In some cases, the technology is even more accessible than low-priced products. But the way the car was marketed hindered its appeal among its intended consumers, and Tata halted production in Meanwhile, ride-sharing apps such as Uber and Indian local alternative Ola have enjoyed brisk growth, and Ola is now expanding overseas. Everyone can both use these platforms and find work on them, and in the future, some of these services may help fulfill last-mile delivery challenges, too.
And companies such as Amazon, which is training many small vendors around the world to scale up and become credible brands in their own right, are also helping to propel growth. Access to technology enables growth for consumers and businesses. And these days, the fortunes of many tech companies rely heavily on their performance in bottom-of-the-pyramid markets.
Apple is the only Western company in the top five. And Warren Buffett made his first investment in India in August , taking a stake in One97 Communications, which owns payments firm Paytm. The evolution of technology has dramatically affected life at the bottom of the pyramid — and created new opportunities. The poor all over the world now have cell phones.
Companies no longer have to guess about the preferences and opinions of the bottom of the pyramid when they innovate — they can ask directly. Big data and a payments infrastructure exist for consumers at all income levels. The statistics, though, can never adequately capture the palpable changes on the ground or give a complete sense of the new dynamics at work. The traditional view of needs explains very little of what is being adopted and purchased at scale in emerging markets.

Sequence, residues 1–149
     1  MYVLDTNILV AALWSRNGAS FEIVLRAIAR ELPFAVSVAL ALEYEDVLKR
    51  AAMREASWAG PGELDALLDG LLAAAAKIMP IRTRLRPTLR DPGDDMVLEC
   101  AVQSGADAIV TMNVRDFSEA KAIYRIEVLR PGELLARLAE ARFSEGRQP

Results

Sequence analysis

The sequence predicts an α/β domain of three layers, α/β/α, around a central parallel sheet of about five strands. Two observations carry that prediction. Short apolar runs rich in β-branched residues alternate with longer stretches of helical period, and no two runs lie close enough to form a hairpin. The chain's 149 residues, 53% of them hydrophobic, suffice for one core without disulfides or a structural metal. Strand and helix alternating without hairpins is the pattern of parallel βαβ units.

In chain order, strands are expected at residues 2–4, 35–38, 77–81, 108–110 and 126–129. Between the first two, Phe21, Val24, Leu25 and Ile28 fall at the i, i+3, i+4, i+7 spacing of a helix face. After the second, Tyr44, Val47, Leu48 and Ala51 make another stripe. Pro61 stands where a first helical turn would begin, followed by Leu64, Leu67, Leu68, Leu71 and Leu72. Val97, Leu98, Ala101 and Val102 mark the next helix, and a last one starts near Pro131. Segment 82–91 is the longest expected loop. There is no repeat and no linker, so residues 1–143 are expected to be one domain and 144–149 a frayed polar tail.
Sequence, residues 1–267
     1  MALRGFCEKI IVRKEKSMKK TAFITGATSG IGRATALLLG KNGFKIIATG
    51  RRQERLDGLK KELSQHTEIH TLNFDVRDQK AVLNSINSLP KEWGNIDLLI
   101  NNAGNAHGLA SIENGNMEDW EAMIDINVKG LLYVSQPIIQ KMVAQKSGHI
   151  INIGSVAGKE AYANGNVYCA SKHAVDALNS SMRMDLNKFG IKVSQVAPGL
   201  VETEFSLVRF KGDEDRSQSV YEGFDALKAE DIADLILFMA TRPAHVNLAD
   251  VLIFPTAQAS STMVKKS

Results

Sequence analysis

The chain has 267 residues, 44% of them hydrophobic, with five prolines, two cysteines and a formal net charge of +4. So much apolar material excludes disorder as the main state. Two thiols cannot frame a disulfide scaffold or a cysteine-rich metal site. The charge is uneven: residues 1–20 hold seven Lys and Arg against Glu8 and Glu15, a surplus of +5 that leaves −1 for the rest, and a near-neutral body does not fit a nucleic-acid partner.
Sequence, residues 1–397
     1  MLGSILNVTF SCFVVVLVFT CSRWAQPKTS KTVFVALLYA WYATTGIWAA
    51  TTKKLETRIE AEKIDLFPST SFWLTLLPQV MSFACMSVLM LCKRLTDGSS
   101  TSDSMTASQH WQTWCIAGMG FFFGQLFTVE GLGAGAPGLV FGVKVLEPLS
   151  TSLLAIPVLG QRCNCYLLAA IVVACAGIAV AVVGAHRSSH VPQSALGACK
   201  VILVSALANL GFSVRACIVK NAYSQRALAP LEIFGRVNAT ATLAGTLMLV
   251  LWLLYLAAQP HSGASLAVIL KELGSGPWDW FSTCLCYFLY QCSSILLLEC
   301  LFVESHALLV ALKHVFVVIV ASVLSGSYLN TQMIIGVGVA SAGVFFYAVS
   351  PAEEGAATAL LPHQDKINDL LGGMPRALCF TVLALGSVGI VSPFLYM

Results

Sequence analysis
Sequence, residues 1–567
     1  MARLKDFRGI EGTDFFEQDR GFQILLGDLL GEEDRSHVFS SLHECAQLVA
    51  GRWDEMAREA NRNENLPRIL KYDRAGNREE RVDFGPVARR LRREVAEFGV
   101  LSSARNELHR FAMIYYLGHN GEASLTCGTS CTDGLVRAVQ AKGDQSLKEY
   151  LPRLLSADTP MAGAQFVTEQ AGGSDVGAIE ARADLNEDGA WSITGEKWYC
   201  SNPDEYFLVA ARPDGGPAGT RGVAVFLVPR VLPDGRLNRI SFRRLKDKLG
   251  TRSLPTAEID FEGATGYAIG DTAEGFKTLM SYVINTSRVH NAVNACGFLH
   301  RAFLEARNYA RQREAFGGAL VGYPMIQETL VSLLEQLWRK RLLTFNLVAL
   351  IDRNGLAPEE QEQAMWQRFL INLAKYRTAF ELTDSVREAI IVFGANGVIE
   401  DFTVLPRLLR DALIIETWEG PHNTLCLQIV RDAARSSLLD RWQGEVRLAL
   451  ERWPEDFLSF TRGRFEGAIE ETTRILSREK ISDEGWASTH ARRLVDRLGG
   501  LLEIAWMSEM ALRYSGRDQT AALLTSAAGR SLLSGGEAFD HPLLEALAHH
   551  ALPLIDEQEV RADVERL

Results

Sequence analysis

The picture in most countries mirrors this trend — purchases among the poor are a reflection of aspiration rather than pure need. Savvy companies and social innovators today often leverage this phenomenon.
The original bottom-of-the-pyramid vision suggested that companies that innovated successfully for the poorest markets might be able to attract consumers in developed countries too.
Since then, the gap between these markets has narrowed, which means companies of all sizes should be able to capture both types of consumer by considering their common wants in five specific areas:.
Companies with a higher purpose. Business leaders today face pressure to deliver profits while also contributing to society.
Changing consumer attitudes show that people like companies that engage on social issues. And many employees, especially millennials, want to work at firms that use innovation as a force for good in the world. It is increasingly common for leaders to articulate a vision of how their companies can contribute to a higher purpose. Larry Fink of BlackRock used his annual letter to CEOs to call for companies in the portfolio to directly contribute to the community.
Trust and community before transactions. Trust is a central precursor to scale. For example, creating opportunities for consumers to sample products and enlisting local salespeople has been critical to the success of the personal care, snack, and detergent businesses. Many companies have invested heavily in product development, but fall short on customer service.